My vassals while away the time by fighting one another.

Kifle, tragically, dies fairly young, of natural causes.  (At least no doctors were involved.)  Long live King Tengene!

An opportunity presents itself when the Issamid Empire is divided by civil war!  I have a claim on Akordat, the gray province at the north end of Semien, because it’s de jure part of one of my duchies.  I can declare war on the temporary revolt state without having to fight the Issamid army proper, which is probably busy anyway.  The downside is that if the revolt ends, my war will end inconclusively, but a revolt this big is going to last a while.  So away we go!

No sooner have I started the war then I have “malaise”.  Here we go again.

That … actually seems reasonable.

That does not.

Fine work Hagos.  What’s your next treatment?


I should say not.

Actually, this was not because of his proctological expertise, but because a gang of my vassals decided this would be a good time to demand extra powers, including Hagos.  

At the same time, another Miaphysite rebellion broke out, so that kept me pretty busy.  I quickly hired a mercenary company to put down the rioting Christians, then continue on into Issamid Revolt territory to bring that war to a close.  Meanwhile, my primary army heads over to what used to be Hafazid territory to discipline the ungrateful jerks I gave it to.

As I’m fighting three wars, Tengene still is feeling poorly.

Cancer again, eh?

Ah, the old reliable methods.

Well, at least his diagnosis was right.

This unorthodox cancer treatment somehow worked brilliantly, and Tengene’s illness went into remission for five years.

Finally.  My old hunting companion Ezana gets thrown in prison and has his titles revoked.  Serves him right for demanding representation.

Eventually the Issamid Rebels concede as well, and Akordat swears fealty to me.  Its rulers are all Muslims, so I can revoke their titles and hand them out to loyal Jews without any of my Jewish vassals (which is all of them) caring.

The Issamid civil war is still ongoing and both sides are weak, plus one of their vassals is having his own civil war.  I smell profit, and launch a holy war for Blemmiya, the region immediately north-west of Semien under Issamid control.  Sure enough, my armies roll in and capture most of it without any Issamids coming to dispute the matter.

It’s tricky, because there’s a bunch of rebel factions and they’re all mutually hostile and hostile to me.  I lose a couple of battles but continue to hold territory.  In the meantime, Tengene’s cancer returns, and I go back to Rabbi Taye.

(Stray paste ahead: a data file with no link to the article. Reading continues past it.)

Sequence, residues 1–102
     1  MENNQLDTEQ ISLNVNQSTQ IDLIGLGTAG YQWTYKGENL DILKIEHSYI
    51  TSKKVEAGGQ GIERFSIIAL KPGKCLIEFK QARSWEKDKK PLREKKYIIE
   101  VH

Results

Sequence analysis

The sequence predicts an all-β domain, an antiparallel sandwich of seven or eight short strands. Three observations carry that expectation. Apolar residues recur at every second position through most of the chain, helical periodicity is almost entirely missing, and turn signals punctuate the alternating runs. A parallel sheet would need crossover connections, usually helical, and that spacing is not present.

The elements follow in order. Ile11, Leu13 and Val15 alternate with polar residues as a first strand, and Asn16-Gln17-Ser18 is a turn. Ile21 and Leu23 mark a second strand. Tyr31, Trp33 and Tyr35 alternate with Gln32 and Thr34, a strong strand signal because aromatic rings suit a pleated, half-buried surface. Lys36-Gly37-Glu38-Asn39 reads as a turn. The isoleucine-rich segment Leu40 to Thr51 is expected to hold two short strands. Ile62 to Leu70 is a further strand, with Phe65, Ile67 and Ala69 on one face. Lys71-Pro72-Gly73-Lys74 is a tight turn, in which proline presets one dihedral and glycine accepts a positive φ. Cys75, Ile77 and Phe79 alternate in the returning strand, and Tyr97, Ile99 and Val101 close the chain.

A … apparently it was leg cancer?  I hope.  But this treatment actually works and King Tengene makes a full recovery!

The war drags on.  As long as I control Blemmiya, the contested territory, it swings slowly but surely in my favor.

Irritatingly, a powerful faction wants to change to gavelkind inheritance, where titles are split among the sons.  It’s led, appropriately enough, by Tengene’s only son Eremias.  Currently I’m using seniority inheritance, where the oldest member of the dynasty gets everything.  This has the disadvantage that you can’t groom your successors, but it keeps all the titles together.  I’d like to switch to primogeniture but can’t manage it quite yet.

Fortunately, Eremias has the impetuosity of youth.  He starts a plot to kill Tengene, which I find out about.  This means I can try to throw him in prison — while that fails, and he revolts against me, he does it without any of his faction allies.  Leaving Blemmiya alone for a while, I head out to discipline the boy.

Unfortunately, things start to go wrong.  First, the Issamid civil war ends, which means that the Issamids regain control of part of Blemmiya that was owned by the rebels and reduce my war progress.  Second, someone is still trying to kill me, probably Eremias.  

He fails the first time, but succeeds the second.  Alas, poor king Tengene.

Come on, Tengene was unfaithful like … one time!  Two or three at most.  Anyway, long live King Fethee!  “Trusting and complacent”, huh?

Complacent he might be, but Fethee gets things done.  He gathers the armies and gets the better of the Issamids, finishing the war for Blemmiya.

Staying well clear of yet another giant revolt army heading for the Caliph, Fethee turns the armies around and heads for the rebellious Eremias in Bayda.